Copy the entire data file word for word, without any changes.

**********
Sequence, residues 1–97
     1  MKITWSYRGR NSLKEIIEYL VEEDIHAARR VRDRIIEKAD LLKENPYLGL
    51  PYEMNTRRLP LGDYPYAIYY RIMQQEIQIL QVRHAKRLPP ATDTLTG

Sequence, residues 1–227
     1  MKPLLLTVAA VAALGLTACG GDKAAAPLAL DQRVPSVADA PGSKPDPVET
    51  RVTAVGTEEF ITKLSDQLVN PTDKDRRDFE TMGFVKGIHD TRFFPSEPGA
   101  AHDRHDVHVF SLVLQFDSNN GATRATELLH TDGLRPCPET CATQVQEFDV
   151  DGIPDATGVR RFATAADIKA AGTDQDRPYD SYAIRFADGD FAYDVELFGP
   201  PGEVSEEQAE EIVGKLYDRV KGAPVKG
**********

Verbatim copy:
Sequence, residues 1–97
     1  MKITWSYRGR NSLKEIIEYL VEEDIHAARR VRDRIIEKAD LLKENPYLGL
    51  PYEMNTRRLP LGDYPYAIYY RIMQQEIQIL QVRHAKRLPP ATDTLTG

Sequence, residues 1–227
     1  MKPLLLTVAA VAALGLTACG GDKAAAPLAL DQRVPSVADA PGSKPDPVET
    51  RVTAVGTEEF ITKLSDQLVN PTDKDRRDFE TMGFVKGIHD TRFFPSEPGA
   101  AHDRHDVHVF SLVLQFDSNN GATRATELLH TDGLRPCPET CATQVQEFDV
   151  DGIPDATGVR RFATAADIKA AGTDQDRPYD SYAIRFADGD FAYDVELFGP
   201  PGEVSEEQAE EIVGKLYDRV KGAPVKG